Russia says most Ukrainian troops surrender after weeks holed up at Mariupol plant

Russia says most Ukrainian troops surrender after weeks holed up at Mariupol plant
A drone photograph shows a destroyed Russian tank on the side of a road and destroyed homes in a small town east of Kharkiv, Ukraine, on Monday. Photo by Ken Cedeno/UPI | License Photo

May 18 (UPI) -- Russia's military said on Wednesday that hundreds of Ukrainian troops who have been holed up for weeks at the steel plant in Mariupol have surrendered and been taken into custody.

Officials in Moscow put the number of surrendered Ukrainian troops at the plant over the past 24 hours at more than 250. Russia's military said they joined close to 1,000 others who were taken into custody earlier this week.


Ukrainian officials acknowledged that the surrendering fighters from the plant were taken to Russian-held territories in Ukraine.

Many of the surrendering fighters carried wounded out of the facility, television footage broadcast via Russian media showed. It's believed that a small number of resistance fighters remain inside the plant, which has become a symbol of Ukrainian resistance against Russia.

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For months, the Ukrainian fighters and hundreds of civilians took refuge in the Mariupol plant and put up resistance to advancing Russian forces. Their surrender represents a leap toward the first true outright Russian victory in the key port city.


Moscow also claimed on Wednesday that about 270 Ukrainian fighters were killed and 54 "units of military equipment" were disabled in the long-running fight at the steel plant. Ukrainian officials did not immediately address that claim.

Officials in Kyiv said, however, that the Ukrainian fighters from the steel plant could become part of a prisoner exchange with Moscow later.

But Vyacheslav Volodin, speaker of the Russian State Duma, said that they should be considered "Nazi criminals" and disqualified from a prisoner exchange. Russian President Vladimir Putin, state-run media and supporters of Moscow's war have falsely cited "neo-Naziism" in Ukraine as the main reason for the war, which began Feb. 24.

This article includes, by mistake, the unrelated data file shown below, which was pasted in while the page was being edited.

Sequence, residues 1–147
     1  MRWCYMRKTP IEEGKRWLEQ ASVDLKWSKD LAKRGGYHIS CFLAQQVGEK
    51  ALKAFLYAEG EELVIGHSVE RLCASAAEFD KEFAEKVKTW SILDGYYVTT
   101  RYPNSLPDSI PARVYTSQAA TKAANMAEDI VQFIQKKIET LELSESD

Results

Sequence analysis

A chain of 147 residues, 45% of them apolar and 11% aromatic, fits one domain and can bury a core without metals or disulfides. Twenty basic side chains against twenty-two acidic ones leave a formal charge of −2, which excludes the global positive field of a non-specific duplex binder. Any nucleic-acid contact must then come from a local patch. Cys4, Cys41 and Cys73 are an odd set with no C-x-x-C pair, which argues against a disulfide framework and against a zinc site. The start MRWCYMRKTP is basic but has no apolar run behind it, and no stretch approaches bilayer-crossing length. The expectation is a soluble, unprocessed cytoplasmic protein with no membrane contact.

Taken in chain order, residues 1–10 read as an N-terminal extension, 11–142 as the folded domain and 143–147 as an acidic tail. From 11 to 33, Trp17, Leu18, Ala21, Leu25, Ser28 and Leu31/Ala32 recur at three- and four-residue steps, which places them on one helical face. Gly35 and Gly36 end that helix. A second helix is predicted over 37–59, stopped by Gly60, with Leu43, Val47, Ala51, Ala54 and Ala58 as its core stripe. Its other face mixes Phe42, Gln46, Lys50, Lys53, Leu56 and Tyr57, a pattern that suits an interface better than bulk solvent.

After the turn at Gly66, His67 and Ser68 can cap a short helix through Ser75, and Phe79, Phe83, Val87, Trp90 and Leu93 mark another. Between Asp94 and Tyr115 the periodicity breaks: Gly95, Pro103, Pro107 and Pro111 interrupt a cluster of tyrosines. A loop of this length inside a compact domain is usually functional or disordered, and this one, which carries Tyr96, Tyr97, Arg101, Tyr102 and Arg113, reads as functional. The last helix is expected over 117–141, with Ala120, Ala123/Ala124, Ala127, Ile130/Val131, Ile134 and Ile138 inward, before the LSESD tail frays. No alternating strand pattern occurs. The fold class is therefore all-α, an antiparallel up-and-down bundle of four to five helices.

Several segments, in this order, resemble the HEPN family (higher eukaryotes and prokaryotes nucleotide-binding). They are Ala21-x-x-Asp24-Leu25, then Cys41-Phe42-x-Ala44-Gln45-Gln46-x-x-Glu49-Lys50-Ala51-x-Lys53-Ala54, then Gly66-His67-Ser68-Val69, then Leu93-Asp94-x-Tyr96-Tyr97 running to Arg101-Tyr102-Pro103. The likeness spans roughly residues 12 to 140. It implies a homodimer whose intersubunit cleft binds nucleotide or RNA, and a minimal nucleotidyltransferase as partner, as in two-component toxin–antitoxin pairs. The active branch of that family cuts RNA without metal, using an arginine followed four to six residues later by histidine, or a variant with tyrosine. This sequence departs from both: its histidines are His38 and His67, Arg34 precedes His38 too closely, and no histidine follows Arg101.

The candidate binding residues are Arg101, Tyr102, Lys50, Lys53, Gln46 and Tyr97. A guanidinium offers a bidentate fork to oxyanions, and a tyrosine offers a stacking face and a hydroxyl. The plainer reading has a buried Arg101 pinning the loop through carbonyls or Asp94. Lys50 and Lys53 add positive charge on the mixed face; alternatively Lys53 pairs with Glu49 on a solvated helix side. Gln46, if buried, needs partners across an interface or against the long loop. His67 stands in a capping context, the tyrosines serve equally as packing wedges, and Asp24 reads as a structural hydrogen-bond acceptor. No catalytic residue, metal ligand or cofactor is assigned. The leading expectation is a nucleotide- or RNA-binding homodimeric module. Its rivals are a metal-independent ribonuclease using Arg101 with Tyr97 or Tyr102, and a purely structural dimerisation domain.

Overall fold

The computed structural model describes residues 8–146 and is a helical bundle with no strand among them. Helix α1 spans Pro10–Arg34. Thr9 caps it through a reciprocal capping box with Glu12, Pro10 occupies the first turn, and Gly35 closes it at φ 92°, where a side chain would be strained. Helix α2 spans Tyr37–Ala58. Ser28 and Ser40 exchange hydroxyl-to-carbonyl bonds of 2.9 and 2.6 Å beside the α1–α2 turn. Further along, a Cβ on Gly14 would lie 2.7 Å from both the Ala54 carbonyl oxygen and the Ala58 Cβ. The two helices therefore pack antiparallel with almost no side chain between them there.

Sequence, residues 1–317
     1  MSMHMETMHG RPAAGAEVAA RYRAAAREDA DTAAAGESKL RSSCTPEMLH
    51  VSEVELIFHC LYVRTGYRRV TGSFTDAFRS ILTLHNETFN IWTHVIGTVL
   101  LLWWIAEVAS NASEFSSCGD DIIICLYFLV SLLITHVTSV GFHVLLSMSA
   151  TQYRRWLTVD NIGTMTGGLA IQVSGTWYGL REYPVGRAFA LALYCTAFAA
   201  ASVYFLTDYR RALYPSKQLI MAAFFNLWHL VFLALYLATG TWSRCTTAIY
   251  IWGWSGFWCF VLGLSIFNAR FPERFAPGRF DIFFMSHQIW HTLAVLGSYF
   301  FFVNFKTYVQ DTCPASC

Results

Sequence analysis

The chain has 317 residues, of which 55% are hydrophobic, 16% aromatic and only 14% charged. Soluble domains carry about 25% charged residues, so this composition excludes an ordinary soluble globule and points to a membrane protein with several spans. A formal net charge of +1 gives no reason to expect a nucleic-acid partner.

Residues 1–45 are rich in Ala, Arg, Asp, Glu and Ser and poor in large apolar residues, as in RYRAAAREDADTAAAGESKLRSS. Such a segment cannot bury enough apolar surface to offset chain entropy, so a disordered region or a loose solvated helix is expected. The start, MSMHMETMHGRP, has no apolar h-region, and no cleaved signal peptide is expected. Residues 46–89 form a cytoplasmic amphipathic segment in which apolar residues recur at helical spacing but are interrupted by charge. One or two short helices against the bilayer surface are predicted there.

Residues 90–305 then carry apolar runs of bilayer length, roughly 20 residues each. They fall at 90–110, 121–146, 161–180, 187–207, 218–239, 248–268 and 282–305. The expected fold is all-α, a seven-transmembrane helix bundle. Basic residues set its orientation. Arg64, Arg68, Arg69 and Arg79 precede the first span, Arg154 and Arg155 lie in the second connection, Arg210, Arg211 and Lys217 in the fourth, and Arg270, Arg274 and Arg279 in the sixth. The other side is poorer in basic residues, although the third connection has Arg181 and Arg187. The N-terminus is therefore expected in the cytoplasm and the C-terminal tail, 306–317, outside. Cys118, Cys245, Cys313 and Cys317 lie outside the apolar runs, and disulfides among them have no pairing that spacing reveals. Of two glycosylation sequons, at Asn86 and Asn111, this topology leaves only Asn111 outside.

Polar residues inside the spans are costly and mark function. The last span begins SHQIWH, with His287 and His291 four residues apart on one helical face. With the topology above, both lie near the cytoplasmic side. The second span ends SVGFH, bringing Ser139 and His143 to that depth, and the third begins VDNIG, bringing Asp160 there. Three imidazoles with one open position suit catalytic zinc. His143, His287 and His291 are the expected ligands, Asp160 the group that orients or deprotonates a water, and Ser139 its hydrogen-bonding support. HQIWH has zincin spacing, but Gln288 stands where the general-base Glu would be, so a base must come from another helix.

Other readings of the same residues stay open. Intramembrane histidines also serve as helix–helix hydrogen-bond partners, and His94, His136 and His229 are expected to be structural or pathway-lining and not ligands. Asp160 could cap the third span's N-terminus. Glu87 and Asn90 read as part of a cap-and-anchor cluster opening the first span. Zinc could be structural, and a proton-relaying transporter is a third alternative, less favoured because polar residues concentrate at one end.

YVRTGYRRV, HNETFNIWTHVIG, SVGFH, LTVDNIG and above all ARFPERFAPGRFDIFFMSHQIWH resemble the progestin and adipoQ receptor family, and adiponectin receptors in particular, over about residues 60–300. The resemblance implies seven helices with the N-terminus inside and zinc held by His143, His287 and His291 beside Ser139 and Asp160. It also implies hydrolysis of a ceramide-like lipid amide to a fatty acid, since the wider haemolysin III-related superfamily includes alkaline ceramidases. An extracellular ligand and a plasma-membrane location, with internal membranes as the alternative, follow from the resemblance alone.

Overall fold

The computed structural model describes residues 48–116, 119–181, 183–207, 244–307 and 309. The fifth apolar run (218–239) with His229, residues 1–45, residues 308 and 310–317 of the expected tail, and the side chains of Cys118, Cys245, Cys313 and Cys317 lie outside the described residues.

A child's toy is seen next to a destroyed Russian tank in a small town east of Kharkiv, Ukraine, on Monday. Photo by Ken Cedeno/UPI

British intelligence said that even with the surrender at the steel plant, the hundreds of Ukrainian troops there were highly effective in rebuffing Russian advances and preventing Putin's troops from taking full control of the strategic city. The several weeks it took Moscow to finally take Mariupol is considered by many to be a severe military failure and an embarrassment for the Kremlin.


During that time, Moscow lost untold Russian troops and military equipment.

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"In attempting to overcome Ukrainian resistance, Russia has made significant use of auxiliary personnel," the British Defense Ministry said in a tweet.

"This includes a deployment of Chechen forces, likely consisting of several thousand fighters primarily concentrated in the Mariupol and Luhansk sectors.

"These forces likely consist of both individual volunteers and National Guard units, which are routinely dedicated to securing the rule of Chechen Republic Head, Ramazan Kadyrov."

Also Wednesday, Moscow kept up its assault in the Donetsk region in the east, with more than two dozen attacks in 24 hours. Officials said at least one person was killed and multiple children were injured there. Ukraine's national police said more than 50 civilian buildings were destroyed.

At a briefing Wednesday, Russian officials said the military destroyed a battery of Ukrainian howitzers that were sent by the United States. They said the cannons were damaged in the area of Podgorne and supplied video footage.

President Joe Biden's administration has helped the Ukrainian war effort with billions of dollars over the past few months and military equipment.

A senior U.S. defense official said last week that the vast majority of the M777 howitzer artillery systems were already being used in Ukraine. The Pentagon sent almost 100 of the long-range weapons to the Eastern European country.


Ukrainians return to towns around Kharkiv after Russian retreat

A local woman walks down a dirt road on Monday as life tries to return to normal after Russian shelling hit the small town of Biskvitne, Ukraine, east of Kharkiv. Photo by Ken Cedeno/UPI | License Photo

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